Day 9

I had begun to realize that I was in a bit of a rut at this point, as nothing remotely interesting had happened today, besides for the usual: got up, breakfast, continuation of noun discussion in grammar class, empanada and Coke for lunch, etc. Conversation class was a bit more interesting as we had a discussion regarding the poems of Pablo Neruda, most notably his poem about the 5 Roots. I don’t remember the title, but the 5 Roots signify seasons and different times in Neruda’s life. After that, we had a discussion regarding humans rights, which was going to be connected to something we would do that evening.

After classes ended at 3:40, our class got together and walked to the metro, and after a line change, we ended up at the Museum of Memory and Human Rights. This was possibly one of the greatest historical sites in Chile, and a source of great controversy and painful memories for the people of Chile. Let me explain. During the 70’s, Chile was controlled by Agosto Pinochet, a cruel dictator that controlled the government and the forms of media for years, until he was removed from office and replaced by a democratic president through popular vote. During those years that Pinochet was in office, he made it a point to ensure that no one would question his rule or try to overthrow him, so he constructed torture camps where he would send anyone that he thought was trying to undermine him. It would happen without warning; a man or a woman could be walking home from work, when suddenly men in trench coats jump out of a passing car, bind their hands and gag them, drag them into the car, and speed away, never to be seen again. Over 34,000 people, or “Desaparecidos” (disappeareds), were kidnapped by the government during this time, and were either tortured into insanity or killed, depending on what the camp officials felt like. Now, the camps have all been destroyed, along with Pinochet’s rule, but the Museum stands as a testament to what happened, and contains artifacts and documents from that time as a way of saying, “Never let this happen again.” I can’t really summarize everything I saw inside the museum, but it was a very moving and painful experience for me as I realized what horrors these poor people had undergone at the whim of a twisted dictator. What is even worse is that, according to the map in the front of the museum, these things are still happening all over the world where dictators still hold the populace in an iron grip.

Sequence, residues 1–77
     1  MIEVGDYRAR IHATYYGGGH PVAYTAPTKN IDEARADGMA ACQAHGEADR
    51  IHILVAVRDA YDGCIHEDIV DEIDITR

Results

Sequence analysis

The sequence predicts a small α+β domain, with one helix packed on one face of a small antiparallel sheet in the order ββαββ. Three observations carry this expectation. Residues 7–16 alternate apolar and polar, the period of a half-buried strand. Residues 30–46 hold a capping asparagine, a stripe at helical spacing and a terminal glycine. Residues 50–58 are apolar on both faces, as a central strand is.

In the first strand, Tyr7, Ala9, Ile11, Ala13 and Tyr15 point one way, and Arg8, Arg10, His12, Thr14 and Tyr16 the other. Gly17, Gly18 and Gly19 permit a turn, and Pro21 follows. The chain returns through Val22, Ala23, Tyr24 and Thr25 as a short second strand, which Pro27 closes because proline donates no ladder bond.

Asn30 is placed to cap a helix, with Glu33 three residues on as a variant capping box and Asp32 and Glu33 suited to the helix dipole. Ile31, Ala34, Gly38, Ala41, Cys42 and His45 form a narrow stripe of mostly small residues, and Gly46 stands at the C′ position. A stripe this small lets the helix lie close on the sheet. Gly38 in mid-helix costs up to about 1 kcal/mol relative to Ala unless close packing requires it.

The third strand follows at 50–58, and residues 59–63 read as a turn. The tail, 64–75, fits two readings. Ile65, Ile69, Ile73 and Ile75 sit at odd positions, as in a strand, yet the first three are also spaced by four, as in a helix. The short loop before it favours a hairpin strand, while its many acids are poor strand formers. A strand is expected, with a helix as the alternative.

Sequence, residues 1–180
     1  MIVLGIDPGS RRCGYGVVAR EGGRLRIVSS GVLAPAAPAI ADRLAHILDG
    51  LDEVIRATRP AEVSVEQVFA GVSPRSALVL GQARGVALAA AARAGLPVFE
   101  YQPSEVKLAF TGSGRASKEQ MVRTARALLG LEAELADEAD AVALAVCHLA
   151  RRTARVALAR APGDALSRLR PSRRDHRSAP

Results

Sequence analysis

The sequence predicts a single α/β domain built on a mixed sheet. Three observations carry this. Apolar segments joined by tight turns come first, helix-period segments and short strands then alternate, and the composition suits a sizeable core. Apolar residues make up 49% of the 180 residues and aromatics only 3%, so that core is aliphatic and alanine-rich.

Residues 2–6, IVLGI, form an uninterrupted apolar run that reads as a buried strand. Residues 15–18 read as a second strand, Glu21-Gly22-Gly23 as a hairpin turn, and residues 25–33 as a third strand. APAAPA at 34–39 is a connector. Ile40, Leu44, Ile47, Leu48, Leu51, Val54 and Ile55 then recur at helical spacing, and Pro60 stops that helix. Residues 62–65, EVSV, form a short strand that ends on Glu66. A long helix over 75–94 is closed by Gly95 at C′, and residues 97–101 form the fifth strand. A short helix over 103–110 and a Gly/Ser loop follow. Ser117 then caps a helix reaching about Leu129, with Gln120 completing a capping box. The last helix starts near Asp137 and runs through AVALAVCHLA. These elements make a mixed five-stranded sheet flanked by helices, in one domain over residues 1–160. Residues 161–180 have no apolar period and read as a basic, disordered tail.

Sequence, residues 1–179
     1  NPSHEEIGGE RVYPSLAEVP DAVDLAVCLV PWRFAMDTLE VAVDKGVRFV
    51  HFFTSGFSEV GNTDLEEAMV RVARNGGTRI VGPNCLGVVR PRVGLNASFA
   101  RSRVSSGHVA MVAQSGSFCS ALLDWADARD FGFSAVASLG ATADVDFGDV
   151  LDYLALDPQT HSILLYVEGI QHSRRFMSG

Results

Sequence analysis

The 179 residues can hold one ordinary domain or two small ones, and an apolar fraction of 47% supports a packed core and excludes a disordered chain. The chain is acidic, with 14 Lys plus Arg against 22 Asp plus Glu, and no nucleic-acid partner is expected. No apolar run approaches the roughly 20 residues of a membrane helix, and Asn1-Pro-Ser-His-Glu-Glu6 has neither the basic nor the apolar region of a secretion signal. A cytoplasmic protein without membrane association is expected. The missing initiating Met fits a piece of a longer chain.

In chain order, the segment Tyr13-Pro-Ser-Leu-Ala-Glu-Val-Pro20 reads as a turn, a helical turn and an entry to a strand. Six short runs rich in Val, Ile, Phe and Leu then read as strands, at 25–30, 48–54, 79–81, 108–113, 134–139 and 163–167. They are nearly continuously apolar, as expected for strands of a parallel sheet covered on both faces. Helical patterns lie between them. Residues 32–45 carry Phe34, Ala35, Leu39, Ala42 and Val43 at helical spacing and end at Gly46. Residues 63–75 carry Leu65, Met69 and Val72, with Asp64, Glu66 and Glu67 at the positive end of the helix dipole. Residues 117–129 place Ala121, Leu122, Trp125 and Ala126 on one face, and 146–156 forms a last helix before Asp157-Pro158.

There isn’t much else I can say about today, except that I had chicken and rice for dinner. I think the only thing I can say is to pray for all of those people all over the world who still suffer under the oppressive rule of dictators who crush them under their boots and steal their undeniable human rights just to stay in power. Until next time, God bless and stay well.



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